Pruning advice: tree paint or sealer
The traditional practice has been to paint over pruning cuts with anything from left-over house paint to specially formulated antiseptic tree pastes. The theory is that the paint seals the wound and prevents the entry of water and disease.
Some horticultural experts question this practice as trees, especially resinous evergreen conifers, quickly seal off wounded areas and heal by themselves. They say that it is important to make the cuts in such a way that water does not pool on the surface. Plus if you begin training a tree when it is young, you can avoid the large pruning cuts which a tree can struggle to recover from.
Sheryn Clothier, NZ Gardener columnist and former editor of the Tree Crops Association journal, is one who says no to pastes and sealers. She says that when pruning is done correctly, the tree needs nothing else.
"I want to emphasise the word 'clean'. Pruning is surgery," she says. "Using clean tools is paramount. Sterilise tools between cuts, and most especially between trees by dropping into a bucket of bleach solution or wiping down with meths-soaked cloth. This is much more important than adding a sealing paint as the tools can carry fungal or bacterial disease from one cut -- straight into the capillaries before the tree has time to enforce it's natural defences -- into the new cut."
Other experts argue that older, deciduous trees may not be able to set up defences quickly enough so sealing paint or paste should be used in these cases. In particularly, fruit trees can be vulnerable to bacterial diseases so these should have cuts sealed especially in humid conditions.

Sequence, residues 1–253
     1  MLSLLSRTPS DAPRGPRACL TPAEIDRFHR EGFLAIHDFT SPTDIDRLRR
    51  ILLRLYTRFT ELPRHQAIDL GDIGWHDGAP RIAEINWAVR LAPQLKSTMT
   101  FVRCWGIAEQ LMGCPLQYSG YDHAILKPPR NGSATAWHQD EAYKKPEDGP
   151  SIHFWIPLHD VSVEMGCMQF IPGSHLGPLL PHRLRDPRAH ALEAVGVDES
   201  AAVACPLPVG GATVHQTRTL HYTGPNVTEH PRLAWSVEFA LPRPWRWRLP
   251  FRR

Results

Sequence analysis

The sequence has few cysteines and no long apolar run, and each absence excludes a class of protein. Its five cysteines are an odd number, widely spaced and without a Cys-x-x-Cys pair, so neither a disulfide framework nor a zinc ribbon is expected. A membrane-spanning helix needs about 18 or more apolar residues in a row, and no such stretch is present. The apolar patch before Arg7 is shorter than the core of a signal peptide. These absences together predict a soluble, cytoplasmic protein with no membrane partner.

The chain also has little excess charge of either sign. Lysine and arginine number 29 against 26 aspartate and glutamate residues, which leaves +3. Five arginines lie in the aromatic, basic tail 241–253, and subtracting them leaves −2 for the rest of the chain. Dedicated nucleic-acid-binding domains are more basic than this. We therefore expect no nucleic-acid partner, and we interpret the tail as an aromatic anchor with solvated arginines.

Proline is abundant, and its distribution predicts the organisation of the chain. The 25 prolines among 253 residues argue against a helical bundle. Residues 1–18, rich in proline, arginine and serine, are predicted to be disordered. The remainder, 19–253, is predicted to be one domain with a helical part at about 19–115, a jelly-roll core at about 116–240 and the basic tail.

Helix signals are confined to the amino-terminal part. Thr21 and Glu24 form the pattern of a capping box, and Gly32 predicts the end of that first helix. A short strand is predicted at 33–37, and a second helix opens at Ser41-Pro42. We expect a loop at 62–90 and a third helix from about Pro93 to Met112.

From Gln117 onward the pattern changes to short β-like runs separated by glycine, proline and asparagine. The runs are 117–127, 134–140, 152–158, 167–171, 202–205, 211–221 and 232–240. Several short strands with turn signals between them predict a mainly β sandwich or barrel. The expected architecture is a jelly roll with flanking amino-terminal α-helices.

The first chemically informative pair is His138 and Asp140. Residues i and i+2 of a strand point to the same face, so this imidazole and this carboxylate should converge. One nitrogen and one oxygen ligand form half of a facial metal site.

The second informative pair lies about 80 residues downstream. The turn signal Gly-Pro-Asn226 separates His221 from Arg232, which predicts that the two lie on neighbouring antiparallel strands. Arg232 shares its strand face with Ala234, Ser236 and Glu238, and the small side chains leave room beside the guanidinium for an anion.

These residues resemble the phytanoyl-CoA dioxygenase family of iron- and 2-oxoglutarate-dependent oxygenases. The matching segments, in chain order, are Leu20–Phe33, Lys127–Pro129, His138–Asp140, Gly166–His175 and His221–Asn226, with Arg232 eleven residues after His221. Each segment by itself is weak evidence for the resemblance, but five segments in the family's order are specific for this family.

Fruit tree expert from Waimea Nurseries Kate Marshall says she is a big supporter of using pruning paste such as Yates PruneTec Sealant for fruit trees, as these trees can be susceptible to disease infections which enter the tree through pruning wounds.
"Fungal and bacterial diseases like silverleaf and bacterial blast can be devastating for stonefruit trees, especially an infection in the trunk which can cause the tree to decline gradually and even die," she says. "Painting a small amount of sealant on the wound will help to avoid the infection. It's a small insurance policy on a tree that can be very long lived, and often we have waited a few years to start bearing fruit. Often fruit trees are pruned in winter which is a period of high risk for infection, making the sealing even more important."
Kate, who is also a columnist for NZ Gardener, maintains that thanks to the use of pruning paste, Waimea Nurseries now has "very few issues" with silverleaf and bacterial blast.
To avoid any disease being introduced when you prune, follow these steps:
* Prune only in dry, warm conditions, to prevent airborne infections.
* Make cuts on an angle such that future rain will drain off.
* Clean any sawdust off the cut and cut out any damaged or diseased wood.
* If you do use pruning paint or sealer, then shake well and apply with a clean brush or an aerosol spray to the clean, dry surface as soon as possible after pruning.
- NZ Gardener